Virginia Mason under investigation after accreditation trouble

The Joint Commission's decision to deny Seattle-based Virginia Mason Medical Center full accreditation triggered an investigation by state and federal regulators, according to the Puget Sound Business Journal.

The Joint Commission made an unannounced visit to Virginia Mason Medical Center May 20. Commission members who surveyed the hospital concluded that a condition existed "that posed a threat to patients or other individuals served," and the Joint Commission issued a preliminary denial of accreditation.

Following another visit to the hospital, the Joint Commission issued a contingent accreditation to Virginia Mason June 1. According to the accrediting agency's website, this status occurs when a healthcare organization "has successfully abated an immediate threat to life situation through direct observation or other method," among other possibilities.

Immediately following the Joint Commission's decision to deny the hospital full accreditation, the Washington state Department of Health began an investigation of the hospital June 3 on behalf of the state and CMS, according to the Puget Sound Business Journal.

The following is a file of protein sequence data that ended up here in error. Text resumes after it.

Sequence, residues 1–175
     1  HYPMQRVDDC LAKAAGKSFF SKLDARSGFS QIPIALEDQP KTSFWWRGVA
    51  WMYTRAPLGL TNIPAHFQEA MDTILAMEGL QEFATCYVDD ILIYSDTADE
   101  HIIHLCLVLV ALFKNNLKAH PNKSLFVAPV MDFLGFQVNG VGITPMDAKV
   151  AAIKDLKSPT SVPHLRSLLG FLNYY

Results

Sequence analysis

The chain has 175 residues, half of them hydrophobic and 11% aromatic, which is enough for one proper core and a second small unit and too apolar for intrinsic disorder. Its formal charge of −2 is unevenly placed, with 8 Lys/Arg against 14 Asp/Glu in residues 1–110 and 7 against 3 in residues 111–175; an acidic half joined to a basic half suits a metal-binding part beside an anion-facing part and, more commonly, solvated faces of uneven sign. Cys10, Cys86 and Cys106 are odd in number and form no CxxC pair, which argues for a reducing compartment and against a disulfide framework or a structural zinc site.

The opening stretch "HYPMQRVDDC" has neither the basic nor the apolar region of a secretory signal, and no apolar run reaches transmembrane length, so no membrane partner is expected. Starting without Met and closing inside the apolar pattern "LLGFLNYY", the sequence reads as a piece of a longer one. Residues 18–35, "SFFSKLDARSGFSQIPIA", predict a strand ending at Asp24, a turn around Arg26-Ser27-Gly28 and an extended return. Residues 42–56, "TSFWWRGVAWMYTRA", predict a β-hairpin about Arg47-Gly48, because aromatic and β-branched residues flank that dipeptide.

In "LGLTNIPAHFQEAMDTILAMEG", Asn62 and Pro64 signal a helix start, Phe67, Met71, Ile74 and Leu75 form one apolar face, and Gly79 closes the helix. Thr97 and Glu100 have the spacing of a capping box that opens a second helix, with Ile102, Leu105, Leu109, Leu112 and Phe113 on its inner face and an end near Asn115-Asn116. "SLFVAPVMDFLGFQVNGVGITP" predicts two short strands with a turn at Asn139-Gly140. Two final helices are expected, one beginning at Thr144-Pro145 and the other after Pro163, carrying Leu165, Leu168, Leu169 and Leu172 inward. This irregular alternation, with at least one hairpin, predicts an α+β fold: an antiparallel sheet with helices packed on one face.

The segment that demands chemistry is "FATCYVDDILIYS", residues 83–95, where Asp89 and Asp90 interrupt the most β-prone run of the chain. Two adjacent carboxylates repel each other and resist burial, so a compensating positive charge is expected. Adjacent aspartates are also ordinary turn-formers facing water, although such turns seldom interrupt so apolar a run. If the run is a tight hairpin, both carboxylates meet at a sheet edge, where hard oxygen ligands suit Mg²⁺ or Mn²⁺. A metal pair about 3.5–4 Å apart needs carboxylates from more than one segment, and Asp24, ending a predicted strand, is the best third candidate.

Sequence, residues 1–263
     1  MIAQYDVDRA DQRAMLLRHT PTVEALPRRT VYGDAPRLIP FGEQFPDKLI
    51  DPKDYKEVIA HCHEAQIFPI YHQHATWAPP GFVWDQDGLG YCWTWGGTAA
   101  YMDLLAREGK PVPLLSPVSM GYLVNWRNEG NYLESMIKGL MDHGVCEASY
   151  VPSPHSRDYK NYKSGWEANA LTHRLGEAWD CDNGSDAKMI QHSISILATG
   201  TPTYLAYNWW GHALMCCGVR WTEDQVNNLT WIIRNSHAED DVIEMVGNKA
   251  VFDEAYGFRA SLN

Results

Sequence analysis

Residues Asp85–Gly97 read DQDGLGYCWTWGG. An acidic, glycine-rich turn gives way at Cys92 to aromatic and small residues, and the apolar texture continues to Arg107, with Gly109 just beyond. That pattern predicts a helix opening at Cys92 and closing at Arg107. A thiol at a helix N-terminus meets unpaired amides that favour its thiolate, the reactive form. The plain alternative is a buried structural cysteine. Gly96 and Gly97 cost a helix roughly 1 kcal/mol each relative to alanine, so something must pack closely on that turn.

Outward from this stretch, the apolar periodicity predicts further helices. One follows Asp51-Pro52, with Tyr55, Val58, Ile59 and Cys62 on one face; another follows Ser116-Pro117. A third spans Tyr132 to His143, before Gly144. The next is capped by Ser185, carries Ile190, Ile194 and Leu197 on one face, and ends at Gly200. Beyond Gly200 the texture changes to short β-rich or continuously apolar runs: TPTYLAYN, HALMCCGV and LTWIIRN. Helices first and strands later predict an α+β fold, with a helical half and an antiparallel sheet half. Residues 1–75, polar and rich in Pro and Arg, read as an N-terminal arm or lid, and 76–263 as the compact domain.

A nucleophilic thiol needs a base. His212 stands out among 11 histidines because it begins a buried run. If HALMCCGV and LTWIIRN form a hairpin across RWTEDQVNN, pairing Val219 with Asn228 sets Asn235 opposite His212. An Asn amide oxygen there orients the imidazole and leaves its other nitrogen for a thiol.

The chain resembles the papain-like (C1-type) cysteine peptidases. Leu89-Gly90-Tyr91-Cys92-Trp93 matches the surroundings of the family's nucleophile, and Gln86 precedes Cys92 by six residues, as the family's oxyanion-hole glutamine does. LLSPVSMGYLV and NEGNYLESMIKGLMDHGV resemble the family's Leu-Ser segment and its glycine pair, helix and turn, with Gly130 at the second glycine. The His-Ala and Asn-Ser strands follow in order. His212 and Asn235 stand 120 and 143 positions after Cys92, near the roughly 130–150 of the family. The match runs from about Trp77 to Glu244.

The agencies issued a "statement of deficiencies" to the hospital June 15 that identified problems with oversight of its kidney-dialysis unit. Specifically, the agencies found that the dialysis unit was not managed by a registered nurse, as required, but instead a respiratory therapist managed daily operations, according to The Seattle Times.

Subsequently, Virginia Mason announced June 17 that hospital staff failed to properly screen dialysis patients for hepatitis B and notified 650 patients, who received services as far back as 2011, that they may have been exposed to the virus.

Although the hospital's correction plan for the dialysis unit has been reviewed and approved by the department of health, Virginia Mason received a letter from the DOH June 17, informing the hospital that the investigation is ongoing, according to the Puget Sound Business Journal.

The Joint Commission will conduct another unannounced follow-up survey at Virginia Mason within the next three months to make sure the hospital has corrected the deficiencies identified in the original survey.

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